Use -s to match the size of a message with a regex. For example, 700-799 bytes:

root@localhost# exiqgrep -s ‘^7..$’ [...]

Use -z to match only frozen messages, or -x to match only unfrozen messages.

There are also a few flags that control the display of the output.

Use -i to print just the message-id as a result of one of the above two searches:

root@localhost# exiqgrep -i [ -r | -f ] …

Use -c to print a count of messages matching one of the above searches:

root@localhost# exiqgrep -c …

Print just the message-id of the entire queue:

root@localhost# exiqgrep -i

Managing the queue

The main exim binary (/usr/sbin/exim) is used with various flags to make things happen to messages in the queue. Most of these require one or more message-IDs to be specified in the command line, which is where `exiqgrep -i` as described above really comes in handy.

Start a queue run:

root@localhost# exim -q -v

Start a queue run for just local deliveries:

root@localhost# exim -ql -v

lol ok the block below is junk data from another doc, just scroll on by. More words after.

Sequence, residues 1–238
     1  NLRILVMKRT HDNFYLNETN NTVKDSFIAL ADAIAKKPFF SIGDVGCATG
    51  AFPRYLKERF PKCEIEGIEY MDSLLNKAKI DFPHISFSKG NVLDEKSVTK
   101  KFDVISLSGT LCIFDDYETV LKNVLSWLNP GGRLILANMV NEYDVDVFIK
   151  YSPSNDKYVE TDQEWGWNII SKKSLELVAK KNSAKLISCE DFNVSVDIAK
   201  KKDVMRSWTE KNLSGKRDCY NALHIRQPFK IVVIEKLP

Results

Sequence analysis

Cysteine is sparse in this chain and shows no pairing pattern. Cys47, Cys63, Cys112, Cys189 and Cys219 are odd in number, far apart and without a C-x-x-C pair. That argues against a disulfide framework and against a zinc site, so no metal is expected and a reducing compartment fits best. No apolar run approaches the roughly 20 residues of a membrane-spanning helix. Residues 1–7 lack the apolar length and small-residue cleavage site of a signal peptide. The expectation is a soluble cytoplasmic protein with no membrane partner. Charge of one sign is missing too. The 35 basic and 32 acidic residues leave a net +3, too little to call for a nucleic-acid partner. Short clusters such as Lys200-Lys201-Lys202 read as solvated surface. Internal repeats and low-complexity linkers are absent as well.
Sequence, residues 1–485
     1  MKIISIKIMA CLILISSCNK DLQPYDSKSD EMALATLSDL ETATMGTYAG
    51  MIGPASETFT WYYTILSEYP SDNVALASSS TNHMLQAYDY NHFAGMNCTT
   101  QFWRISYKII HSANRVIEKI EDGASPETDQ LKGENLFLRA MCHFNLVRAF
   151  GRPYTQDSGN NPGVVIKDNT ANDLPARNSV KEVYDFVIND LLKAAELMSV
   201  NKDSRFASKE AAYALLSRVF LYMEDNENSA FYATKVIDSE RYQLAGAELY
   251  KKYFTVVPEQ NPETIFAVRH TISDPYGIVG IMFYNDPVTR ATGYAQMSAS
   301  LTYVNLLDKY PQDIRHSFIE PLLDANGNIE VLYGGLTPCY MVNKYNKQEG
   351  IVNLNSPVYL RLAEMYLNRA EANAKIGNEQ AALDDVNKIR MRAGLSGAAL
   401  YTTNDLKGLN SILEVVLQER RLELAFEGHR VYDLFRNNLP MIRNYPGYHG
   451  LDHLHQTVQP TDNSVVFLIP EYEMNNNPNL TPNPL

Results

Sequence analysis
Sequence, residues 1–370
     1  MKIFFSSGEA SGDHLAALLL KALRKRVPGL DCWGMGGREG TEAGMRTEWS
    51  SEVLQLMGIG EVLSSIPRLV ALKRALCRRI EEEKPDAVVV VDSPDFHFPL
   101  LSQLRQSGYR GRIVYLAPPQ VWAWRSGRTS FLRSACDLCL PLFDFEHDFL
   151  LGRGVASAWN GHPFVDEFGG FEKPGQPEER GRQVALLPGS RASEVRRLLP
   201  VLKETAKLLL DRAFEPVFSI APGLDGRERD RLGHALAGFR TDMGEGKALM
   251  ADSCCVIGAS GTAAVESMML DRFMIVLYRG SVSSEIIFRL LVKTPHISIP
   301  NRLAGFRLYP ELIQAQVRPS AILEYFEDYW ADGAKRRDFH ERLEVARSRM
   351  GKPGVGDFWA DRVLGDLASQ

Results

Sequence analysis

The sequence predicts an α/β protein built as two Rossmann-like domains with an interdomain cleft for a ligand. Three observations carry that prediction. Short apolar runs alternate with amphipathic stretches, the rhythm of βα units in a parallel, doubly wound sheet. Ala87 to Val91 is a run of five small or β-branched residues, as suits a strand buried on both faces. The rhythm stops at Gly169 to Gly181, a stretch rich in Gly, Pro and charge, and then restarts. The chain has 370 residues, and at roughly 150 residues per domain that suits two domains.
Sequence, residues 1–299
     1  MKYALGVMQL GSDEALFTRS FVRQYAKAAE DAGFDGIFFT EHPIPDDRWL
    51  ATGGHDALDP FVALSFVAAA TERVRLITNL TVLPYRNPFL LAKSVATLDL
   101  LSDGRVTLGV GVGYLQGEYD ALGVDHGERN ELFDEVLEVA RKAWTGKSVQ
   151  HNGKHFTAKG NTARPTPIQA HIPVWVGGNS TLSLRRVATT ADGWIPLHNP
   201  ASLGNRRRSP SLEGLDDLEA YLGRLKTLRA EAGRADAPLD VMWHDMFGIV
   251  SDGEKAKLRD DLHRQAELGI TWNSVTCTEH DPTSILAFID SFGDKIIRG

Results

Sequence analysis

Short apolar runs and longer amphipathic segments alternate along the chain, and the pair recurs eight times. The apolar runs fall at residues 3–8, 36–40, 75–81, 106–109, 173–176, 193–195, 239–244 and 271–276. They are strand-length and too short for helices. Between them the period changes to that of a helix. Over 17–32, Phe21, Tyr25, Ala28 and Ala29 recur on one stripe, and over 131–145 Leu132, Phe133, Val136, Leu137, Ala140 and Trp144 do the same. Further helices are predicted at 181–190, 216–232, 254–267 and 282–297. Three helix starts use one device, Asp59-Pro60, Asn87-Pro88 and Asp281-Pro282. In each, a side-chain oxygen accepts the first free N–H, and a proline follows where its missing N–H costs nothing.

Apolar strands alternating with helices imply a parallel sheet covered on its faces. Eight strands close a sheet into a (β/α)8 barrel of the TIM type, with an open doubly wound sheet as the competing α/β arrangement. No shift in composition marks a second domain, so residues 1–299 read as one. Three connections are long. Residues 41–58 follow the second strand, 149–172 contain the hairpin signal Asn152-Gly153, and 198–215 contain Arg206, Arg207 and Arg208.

Remove a message from the queue:

root@localhost# exim -Mrm [ … ]

Freeze a message:

root@localhost# exim -Mf [ … ]

Thaw a message:

root@localhost# exim -Mt [ … ]

Deliver a message, whether it’s frozen or not, whether the retry time has been reached or not:

root@localhost# exim -M [ … ]

Deliver a message, but only if the retry time has been reached:

root@localhost# exim -Mc [ … ]

Force a message to fail and bounce as “cancelled by administrator”:

root@localhost# exim -Mg [ … ]

Remove all frozen messages:

root@localhost# exiqgrep -z -i | xargs exim -Mrm

Remove all messages older than five days (86400 * 5 = 432000 seconds):

root@localhost# exiqgrep -o 432000 -i | xargs exim -Mrm